MARK WALPORT, DIRECTOR OF WELLCOME TRUST: The first thing that we're all going to agree about, I'd say for anyway, is that coercion isn't the answer. We're asked whether it's moral imperative that we should alter population. I don't think it's moral imperative, I think it's actually a judgment based on evidence. When a population reproduces in the presence of finite resources, then at some point a catastrophe happens to that population. And I think the issue in the sense of population control is that it will happen. The question is will it happen nicely or will it happen nastily? Will we in fact go on reproducing at the rate we are? In which case something ghastly will happen, we'll run out of resources, we're soiling the planet, or in fact will human development mean that actually we're in enabled to control our population? So, I think the essence is if we are going to get there it has to be through choice, and what we have to do is enable people's choice. And again, I think if you look at the evidence, there's this process which is called demographic transition. And one can look at the evolution of the populations in the following way. In a completely undeveloped environment, the death rate is very high because the conditions are unsanitary, there's often infection, and the birth rate is very high as well. In that situation you have a very balanced population. What's happening in the developing world and what's happened in all societies at different stages of development, is that the death rate has gone down, the food supply has improved, sanitation has improved, basic healthcare has become available, and that's the situation in which you get very dramatic population growth. But then, as populations become urbanized, as there's a transition towards development, as contraception becomes available, children survive, they require education, they go out to work, and people actually start making choices about whether they have children or not. And that's why contraception is so important in the choice people make. And then we get to the situation in the most developed countries in the world where birth rates are actually in many countries below replacement rates. So, I think we can see actually a natural evolution where it becomes to people's advantage not to have too many children. They way that we're going to engender population change in the development world, is actually by making sure we reduce child mortality, we reduce maternal mortality, we feed children better. But where I depart from you radically, is that at that point those populations need contraceptives. But what I would just emphasize in closing that choice requires access to free contraception.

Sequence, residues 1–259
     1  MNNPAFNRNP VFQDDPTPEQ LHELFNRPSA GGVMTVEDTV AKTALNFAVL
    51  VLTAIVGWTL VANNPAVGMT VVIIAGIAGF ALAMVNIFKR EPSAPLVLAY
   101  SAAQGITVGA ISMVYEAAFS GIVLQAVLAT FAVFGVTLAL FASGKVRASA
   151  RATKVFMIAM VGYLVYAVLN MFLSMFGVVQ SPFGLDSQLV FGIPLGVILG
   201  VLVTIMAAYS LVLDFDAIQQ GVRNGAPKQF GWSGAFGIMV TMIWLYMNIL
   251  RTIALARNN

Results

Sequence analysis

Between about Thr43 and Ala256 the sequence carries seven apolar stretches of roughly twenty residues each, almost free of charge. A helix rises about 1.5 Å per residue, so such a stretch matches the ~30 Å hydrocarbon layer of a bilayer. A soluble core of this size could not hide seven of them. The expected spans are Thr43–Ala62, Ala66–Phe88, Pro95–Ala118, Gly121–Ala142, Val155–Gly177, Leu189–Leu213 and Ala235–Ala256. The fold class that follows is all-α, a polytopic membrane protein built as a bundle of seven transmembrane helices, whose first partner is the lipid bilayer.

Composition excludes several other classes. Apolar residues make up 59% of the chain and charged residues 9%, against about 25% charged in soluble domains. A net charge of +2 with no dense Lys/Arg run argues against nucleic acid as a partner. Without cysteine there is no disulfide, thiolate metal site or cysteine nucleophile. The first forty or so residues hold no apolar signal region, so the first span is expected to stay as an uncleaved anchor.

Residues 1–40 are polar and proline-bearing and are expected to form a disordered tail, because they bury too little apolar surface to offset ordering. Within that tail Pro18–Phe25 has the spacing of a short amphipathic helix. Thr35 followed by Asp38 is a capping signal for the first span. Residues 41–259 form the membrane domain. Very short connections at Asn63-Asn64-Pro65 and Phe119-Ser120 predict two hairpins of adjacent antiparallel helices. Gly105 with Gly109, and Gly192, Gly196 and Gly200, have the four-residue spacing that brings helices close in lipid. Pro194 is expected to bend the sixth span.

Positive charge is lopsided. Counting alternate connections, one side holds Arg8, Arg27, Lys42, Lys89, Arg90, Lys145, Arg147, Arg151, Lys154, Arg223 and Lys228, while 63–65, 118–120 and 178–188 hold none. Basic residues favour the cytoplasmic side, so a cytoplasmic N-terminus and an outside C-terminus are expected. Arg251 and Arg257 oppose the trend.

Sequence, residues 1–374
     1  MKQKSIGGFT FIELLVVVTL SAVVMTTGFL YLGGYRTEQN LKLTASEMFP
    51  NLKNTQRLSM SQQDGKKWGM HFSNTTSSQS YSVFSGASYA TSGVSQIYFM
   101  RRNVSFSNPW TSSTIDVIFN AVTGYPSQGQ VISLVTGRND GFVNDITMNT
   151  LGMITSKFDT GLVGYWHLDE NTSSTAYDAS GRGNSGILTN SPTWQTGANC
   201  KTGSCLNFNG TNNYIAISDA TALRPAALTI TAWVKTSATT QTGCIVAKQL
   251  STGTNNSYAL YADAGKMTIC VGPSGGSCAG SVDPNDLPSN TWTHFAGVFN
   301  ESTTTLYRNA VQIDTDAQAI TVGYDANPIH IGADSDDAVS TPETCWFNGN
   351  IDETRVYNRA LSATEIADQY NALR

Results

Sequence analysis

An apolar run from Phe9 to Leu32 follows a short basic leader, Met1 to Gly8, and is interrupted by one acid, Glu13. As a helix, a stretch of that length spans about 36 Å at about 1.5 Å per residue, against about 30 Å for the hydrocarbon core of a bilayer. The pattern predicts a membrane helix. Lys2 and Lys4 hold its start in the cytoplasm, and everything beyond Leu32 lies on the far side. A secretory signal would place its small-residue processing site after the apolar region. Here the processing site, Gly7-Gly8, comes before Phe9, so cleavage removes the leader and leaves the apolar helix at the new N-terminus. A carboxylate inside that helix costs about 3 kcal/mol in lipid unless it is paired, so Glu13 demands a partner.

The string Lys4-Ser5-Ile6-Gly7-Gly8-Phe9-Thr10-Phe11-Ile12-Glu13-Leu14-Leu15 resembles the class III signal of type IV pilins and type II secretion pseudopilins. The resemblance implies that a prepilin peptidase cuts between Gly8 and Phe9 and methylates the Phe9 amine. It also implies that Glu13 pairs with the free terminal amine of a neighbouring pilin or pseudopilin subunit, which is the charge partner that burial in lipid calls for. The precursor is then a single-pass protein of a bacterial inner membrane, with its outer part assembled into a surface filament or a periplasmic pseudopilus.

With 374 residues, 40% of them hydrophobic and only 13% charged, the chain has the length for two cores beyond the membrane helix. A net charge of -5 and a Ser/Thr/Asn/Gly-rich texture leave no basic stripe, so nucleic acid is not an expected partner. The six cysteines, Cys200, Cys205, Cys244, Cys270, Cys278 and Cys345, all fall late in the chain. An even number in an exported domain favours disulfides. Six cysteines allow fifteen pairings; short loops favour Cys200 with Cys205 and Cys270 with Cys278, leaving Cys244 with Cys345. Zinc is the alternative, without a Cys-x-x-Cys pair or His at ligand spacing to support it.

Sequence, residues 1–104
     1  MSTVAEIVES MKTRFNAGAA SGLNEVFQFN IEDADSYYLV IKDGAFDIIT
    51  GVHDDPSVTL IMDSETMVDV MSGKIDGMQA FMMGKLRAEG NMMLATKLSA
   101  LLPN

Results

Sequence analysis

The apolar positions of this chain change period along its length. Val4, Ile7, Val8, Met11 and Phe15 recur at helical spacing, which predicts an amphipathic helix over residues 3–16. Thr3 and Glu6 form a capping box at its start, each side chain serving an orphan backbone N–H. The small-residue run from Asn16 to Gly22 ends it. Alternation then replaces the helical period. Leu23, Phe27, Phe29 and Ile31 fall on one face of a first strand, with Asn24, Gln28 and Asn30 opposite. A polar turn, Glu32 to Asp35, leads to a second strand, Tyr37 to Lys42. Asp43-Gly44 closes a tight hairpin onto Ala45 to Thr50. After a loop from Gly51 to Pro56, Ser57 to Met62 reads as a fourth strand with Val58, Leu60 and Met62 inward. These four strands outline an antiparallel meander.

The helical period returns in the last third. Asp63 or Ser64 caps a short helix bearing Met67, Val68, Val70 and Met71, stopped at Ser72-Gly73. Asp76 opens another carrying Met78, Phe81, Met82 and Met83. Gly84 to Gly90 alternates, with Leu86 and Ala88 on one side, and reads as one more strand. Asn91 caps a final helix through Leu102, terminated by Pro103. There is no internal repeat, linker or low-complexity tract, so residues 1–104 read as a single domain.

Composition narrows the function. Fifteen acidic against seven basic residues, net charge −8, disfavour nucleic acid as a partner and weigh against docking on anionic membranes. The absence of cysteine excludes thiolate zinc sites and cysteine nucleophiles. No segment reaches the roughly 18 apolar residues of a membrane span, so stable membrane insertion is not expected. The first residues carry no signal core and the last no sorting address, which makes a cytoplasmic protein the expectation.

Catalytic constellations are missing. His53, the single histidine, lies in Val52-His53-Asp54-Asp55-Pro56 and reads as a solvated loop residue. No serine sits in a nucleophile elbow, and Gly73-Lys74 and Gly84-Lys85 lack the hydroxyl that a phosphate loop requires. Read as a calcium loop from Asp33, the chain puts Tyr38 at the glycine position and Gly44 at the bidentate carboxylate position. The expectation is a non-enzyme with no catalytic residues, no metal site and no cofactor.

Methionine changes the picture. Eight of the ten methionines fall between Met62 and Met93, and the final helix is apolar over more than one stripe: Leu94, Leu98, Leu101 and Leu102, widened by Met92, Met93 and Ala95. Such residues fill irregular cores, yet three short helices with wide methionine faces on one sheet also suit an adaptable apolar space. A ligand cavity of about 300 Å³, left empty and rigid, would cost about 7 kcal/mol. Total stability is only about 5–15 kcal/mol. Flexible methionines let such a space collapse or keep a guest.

DR. ELLIE LEE, LECTURER IN SOCIAL POLICY AT UNIVERSITY OF KENT: I think we need to repose this debate in the way it happened, and has happened historically. Over time, the debate around population has really been one that's posed between two perspectives. One which broadly speaking you can call antinatalist, so that's to say one which tends to represent birth, population is a problem for development. The other pronatalist sees birth and population growth as positive for development. So that's the kind of line of debate. I think there's a need to repost the issue because where I'm coming from, actually these two movements and these two outlooks on the world have more in common than sets them apart. Both movements are either pro or antinatalist, perceive reproductive decisions and what happens in people's family life an entirely appropriate area for intervention in the interest of the greater good. So both movements pose to us the idea that is societal problem and the way that we should go about resolving this societal problem is to encourage people to have more children or less children. And I know this panel is set up as if we sort of argue two against two. I don't mind this, but I actually think it's three against one and I just want to make my position clear on that because I'm opposed to everybody else. [LAUGHTER] I very, very strongly oppose the idea that we should see reproductive life and family life as an area of society which we seek to manipulate and influence in the interest of the greater good. I think in whichever form it takes, the moralization and politicization of private life is a really problematic thing to do. I think private life is a very fragile thing. Our privacy is a hard win gain. It's taken a very, very long time for civilized societies to develop ideas about privacy and intimacy which we culturally hold in high regard in which we value. And we seize to protect it's space an area of freedom in which individuals can shape their own destinies, make decisions that they conceive are right. From my point of view, what I perceive as the most important moral imperative, it matters more than anything else, is guarding that realm of freedom and privacy and intimacy. Both pronatalist and antinatalist movements, have really moved back from suggesting that they have anything to do with coercion or the state or laws or anything like that. No, no, no that's not turfs, we're not into the one child policy. If you're antinatalist, we're not trying to ban abortion. If you're from the Catholic church, all time telling us what they're into is empowering women. And this brings me to my second point which is I think there's a huge level of dishonesty about what they're really saying to women here. At the very least, women should expect from them a level of honesty about what they're saying. Which is what they are really saying, is they think women make bad, wrong decisions. What the Catholic church and the pro-life lobby really thinks is that women shouldn't have abortions and I think it would actually love it if there were laws that made abortions much harder to get. I very much doubt Adrian would be manning the barricades if the Government did introduce a two children policy. In opposition to that policy, I think he would probably applaud it. Women want to have sometimes three or four children because that's the way they perceive it to be best, pursue their family and develop their family. Even if those pregnancies are unplanned, then they come to private decisions with their partners in the context of thinking about their family life is the way to resolve it. I'm just saying that where all these women who got into this situation because they didn't have proper contraception, I just think isn't true. That's not why women have more than two children. So if you're really saying stop at two, what you're really saying is that if you decide to have three children or four children you are doing something which is morally wrong and at least you should have the honesty to come out with that position and be clear about what you're really saying to women.

What many Neo-Malthusians fail to consider is that environmental degradation in the periphery is often connected to consumption in the core. Think about it, we don’t just outsource manufacturing (labor) to China and other semi-periphery and periphery states. Natural resource extraction (for oil, lumber, etc.) as well as raw resources for manufacturing goods and textiles are not primarily located in core nations—poor semi-peripheral and peripheral nations are the sites of such resource extraction. Our consumption in the core contributes to environmental degradation in the global south.